To remind you – on 1 October, if your property has five or more people living in it who form two or more ‘households’ – your property will be in breach of HMO licensing rules. You can find the new regulations here.
By the way, this is only in England so if your property is in Wales – relax!
What is a household?
A ‘household’ by the way, in the main, means family – brothers and sisters, mothers and children, cousins, step and foster children, half brothers and so on. Along with cohabiting couples (including same-sex couples) and people who live with you as part of their job, such as au pairs and carers.
Its got nothing to do with eating together, putting your food in the same kitchen cupboards or the type of tenancy agreement you have.
When do the HMO licensing laws apply to you?
Under the legislation, two people can never be an HMO – whether or not they are family. Three or four people sharing can be an HMO. But you will only need a license if your Local Authority has an additional or selective licensing scheme going.
However, after 1 October, if you rent to five or more people sharing – you will always need an HMO license unless they are one household. The old rule limiting this to properties with three or more stories will no longer apply.
Lets see how that plays out in
- Couple with six children – not an HMO, as they are one family. Not licensable.
- Couple with two children and a lodger – HMO as the lodger is not family. Licensable as there are 5 occupiers.
- Single parent with two children and a lodger – HMO as the lodger is not family. Not licensable as only 4 occupiers.
- Couple with two children and the father’s cousin – not an HMO, so not licensable.
- Couple with two children and the mother’s best friend – an HMO as the friend is not family. Licensable as there are 5 occupiers.
- Four students and live in partner of one of them – an HMO as they make up four households. Licensable as there are 5 occupiers.
- A homeowner with four lodgers – HMO – as where an owner-occupier has more than two lodgers that is an HMO. Licensable as there are 5 occupiers.
So numbers 2, 5, 6 and 7 will need to have an HMO license in place, or at least have applied for one, by 1 October. Otherwise:
The penalties for non-compliance:
- The Local Authority can serve a penalty notice for up to £30,000
- You can be prosecuted in the Magistrates Courts where fines are unlimited
- If you are convicted in the Magistrates Courts, this is a ‘banning order’ offence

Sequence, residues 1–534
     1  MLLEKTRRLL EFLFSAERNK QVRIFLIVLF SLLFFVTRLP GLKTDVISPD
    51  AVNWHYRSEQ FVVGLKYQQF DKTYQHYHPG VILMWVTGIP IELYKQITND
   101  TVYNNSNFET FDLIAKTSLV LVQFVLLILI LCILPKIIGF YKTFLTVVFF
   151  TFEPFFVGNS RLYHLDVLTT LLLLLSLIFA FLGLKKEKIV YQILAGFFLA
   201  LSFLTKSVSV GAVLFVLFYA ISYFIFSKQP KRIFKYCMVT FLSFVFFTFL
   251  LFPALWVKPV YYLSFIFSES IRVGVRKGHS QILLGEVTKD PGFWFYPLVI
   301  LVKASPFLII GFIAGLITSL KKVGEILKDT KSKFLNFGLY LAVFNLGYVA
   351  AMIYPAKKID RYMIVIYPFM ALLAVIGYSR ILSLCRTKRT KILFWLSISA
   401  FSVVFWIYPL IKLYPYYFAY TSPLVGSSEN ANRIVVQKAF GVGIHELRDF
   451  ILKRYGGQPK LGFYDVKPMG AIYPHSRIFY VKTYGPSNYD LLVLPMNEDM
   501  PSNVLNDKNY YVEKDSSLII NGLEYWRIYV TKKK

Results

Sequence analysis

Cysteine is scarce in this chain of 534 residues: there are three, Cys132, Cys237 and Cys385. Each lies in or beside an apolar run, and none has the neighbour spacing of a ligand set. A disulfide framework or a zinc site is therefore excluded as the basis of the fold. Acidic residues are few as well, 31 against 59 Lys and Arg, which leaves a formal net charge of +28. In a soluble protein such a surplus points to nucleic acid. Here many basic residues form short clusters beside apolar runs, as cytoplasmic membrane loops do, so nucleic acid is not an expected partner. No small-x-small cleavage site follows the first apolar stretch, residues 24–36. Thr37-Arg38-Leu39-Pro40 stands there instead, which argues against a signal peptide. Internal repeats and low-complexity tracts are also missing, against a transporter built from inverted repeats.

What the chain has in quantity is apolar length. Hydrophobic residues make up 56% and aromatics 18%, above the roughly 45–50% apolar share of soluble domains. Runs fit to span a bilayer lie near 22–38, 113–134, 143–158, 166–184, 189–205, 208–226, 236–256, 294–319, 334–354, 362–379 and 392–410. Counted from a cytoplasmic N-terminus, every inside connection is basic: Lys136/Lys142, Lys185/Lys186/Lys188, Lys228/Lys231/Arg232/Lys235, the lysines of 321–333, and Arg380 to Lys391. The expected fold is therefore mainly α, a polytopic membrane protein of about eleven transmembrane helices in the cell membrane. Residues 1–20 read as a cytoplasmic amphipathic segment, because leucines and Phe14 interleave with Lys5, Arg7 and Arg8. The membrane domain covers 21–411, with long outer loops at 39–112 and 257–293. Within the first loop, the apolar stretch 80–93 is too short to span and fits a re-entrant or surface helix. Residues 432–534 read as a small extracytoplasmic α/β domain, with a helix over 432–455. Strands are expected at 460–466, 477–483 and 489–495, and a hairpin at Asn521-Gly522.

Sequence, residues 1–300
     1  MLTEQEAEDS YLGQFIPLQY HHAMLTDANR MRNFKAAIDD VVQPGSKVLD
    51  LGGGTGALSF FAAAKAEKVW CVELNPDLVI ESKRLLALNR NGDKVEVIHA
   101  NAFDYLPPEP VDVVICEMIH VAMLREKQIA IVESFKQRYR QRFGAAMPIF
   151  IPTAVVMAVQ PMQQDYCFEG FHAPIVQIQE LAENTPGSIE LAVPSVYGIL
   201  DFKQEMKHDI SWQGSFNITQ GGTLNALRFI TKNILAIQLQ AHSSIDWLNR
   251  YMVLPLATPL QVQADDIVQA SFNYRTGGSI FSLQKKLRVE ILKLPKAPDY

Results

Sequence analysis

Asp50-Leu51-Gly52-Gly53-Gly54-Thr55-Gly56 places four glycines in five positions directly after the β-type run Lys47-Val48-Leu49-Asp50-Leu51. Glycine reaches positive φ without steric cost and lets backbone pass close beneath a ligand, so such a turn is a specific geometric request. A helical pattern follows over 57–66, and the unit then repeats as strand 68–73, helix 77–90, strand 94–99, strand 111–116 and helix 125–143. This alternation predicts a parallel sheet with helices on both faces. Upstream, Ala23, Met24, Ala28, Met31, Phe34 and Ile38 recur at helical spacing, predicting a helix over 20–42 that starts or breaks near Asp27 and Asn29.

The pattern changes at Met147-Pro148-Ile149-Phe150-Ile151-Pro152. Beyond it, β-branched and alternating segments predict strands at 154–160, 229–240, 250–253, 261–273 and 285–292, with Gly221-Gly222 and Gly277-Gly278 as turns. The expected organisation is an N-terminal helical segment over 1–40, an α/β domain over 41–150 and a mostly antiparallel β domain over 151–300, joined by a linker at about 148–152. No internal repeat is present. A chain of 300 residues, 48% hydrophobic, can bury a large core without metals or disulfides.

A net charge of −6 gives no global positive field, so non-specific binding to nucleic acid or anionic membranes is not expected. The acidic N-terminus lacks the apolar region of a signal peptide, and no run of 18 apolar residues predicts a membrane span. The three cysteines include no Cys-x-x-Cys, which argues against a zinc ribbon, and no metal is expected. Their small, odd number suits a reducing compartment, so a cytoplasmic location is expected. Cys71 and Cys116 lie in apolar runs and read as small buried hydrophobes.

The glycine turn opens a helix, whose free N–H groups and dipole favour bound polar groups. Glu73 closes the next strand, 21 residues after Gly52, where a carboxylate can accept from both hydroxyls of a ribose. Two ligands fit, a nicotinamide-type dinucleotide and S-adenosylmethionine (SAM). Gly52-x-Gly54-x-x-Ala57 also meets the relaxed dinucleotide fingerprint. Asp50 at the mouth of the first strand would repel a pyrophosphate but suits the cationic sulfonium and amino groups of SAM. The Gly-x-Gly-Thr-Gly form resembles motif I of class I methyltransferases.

- Your tenants can apply to the First Tier Tribunal for a Rent Repayment Order for up to 12 months rent.
Mind you, I think your tenants’ chances of a rent repayment order will be slight if the only reason you are in breach of the new regs is because they increased the numbers in the property in breach of the terms of their tenancy agreement and did not tell you.
Although not if the Local Authority successfully prosecute you – as then the First Tier Tribunal have no discretion.
What I have said above applies to all houses. What about flats?
Well, the law there is a bit weird. Mandatory licensing will cover all flats in multiple occupation with 5 or more occupiers living in two or more households – unless it is a purpose built flat. Flats in purpose-built blocks are treated differently:
- Licensing WON’T apply to purpose-built flats situated in a block comprising 3 or more self-contained flats
- But licensing WILL apply to purpose-built flats in blocks with up to 2 or more flats in the block, whether or not there are also commercial premises in the block, eg a shop.
Have you checked your property?
Unless you have done a recent inspection of your property, you can’t be REALLY SURE that your property is safe from mandatory licensing. For example
- Your family of four may have taken a lodger without telling you, to help them pay the rent
- One of your four student tenants may have their partner living with them
- The single mother with two children who was allowed to have a lodger may have had another baby
The only way you can know what is going on is to go round and have a look. Because your tenants may conceal things from you, you also need to keep careful records on inspection visits and take photographs.